- chelleyd01 Mar 2, 2010 01:02 PM
Im in process of putting together my Easter dinner menus and would like to branch out of the obvious ham and sweet potato misery.
What are you doing for Easter dinner???
Although not celebrating Easter as a religious event, we always take advantage of any holiday weekend to make a bit more effort with the meals. Sometime we'll be having roast lamb - it's the traditional meal.
My Uncle Aldo makes the gravy with shredded meats and sausage, seves it up with moustacolli (sp?). I bring the roasted peppers with lots of garlic, basil, balsamic, and EVOO. Cousin brings a tomato salad, bread of course. There are appetizers of grilled sausage of develd eggs. CAN'T WAIT!!!
Braised beef brisket with a stone ground mustard sauce, mixed green salad with a variety of lettuce types (including some purple if you can find it) with cheese crisps blended into it, roasted red potatoes and a peasant bread with garlic/butter spread.
If not lamb, I like to do a veal roast. Maybe some old fashioned potato croquettes, and I always seek out some fresh spinach from a local farm, to make creamed spinach. Sometimes that's the hardest part, depends on the weather and the timing of Easter.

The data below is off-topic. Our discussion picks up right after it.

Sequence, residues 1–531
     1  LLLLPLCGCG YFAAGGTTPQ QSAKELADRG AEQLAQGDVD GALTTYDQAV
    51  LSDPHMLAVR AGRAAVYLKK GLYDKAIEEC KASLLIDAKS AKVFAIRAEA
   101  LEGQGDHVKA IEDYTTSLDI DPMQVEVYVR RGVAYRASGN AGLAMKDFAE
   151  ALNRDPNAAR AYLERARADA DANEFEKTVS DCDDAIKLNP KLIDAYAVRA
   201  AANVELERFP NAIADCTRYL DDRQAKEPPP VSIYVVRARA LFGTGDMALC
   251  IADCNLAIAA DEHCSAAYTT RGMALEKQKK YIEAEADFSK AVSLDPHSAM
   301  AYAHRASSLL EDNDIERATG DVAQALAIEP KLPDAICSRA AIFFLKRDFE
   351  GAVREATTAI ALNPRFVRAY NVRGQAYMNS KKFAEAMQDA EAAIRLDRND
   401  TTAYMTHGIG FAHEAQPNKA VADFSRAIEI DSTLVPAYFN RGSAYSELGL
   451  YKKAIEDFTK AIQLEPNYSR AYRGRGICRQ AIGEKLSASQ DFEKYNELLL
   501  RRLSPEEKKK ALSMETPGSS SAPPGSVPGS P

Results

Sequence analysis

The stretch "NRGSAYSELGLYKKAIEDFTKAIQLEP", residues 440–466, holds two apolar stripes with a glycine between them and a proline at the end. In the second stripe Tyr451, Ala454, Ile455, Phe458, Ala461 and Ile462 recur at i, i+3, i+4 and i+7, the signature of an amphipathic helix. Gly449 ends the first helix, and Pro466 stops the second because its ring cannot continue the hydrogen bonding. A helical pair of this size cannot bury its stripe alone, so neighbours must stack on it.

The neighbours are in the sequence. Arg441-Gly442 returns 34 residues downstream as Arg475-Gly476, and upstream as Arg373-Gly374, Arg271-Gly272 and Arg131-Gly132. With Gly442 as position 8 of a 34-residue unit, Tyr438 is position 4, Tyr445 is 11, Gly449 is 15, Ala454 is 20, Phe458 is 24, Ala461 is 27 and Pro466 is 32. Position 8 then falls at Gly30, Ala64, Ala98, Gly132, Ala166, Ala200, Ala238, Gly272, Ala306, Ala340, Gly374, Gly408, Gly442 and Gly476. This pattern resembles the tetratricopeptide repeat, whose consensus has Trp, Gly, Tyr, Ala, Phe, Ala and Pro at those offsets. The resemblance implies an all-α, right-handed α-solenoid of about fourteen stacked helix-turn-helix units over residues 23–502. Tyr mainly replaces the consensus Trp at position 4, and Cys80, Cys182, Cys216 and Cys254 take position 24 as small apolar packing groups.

In the Boston area, that's usually known as "pizzagena". It's made only for Easter. My neighborly nonna next door always saves a slice for me.
Anyway, in my family tradition, grilled lamb (marinated on Good Friday and Holy Saturday) is the centerpiece. Spinach (cooked or raw in salad) and asparagus are commonly featured, and a grain-based dish (wheat is most symbolic for the day (the grain of wheat that falls, dies and is reborn) - bulgur would be the easiest choice - but traditionally any grains, very commonly rice, would suffice). Eggs can also feature. While Catholics in the First World rarely abstain from dairy products (as well as animal flesh) during Lent as was once common for centuries (Orthodox Christians still do), dairy products still traditionally feature prominently in breads and foods and desserts as a residue of the older tradition.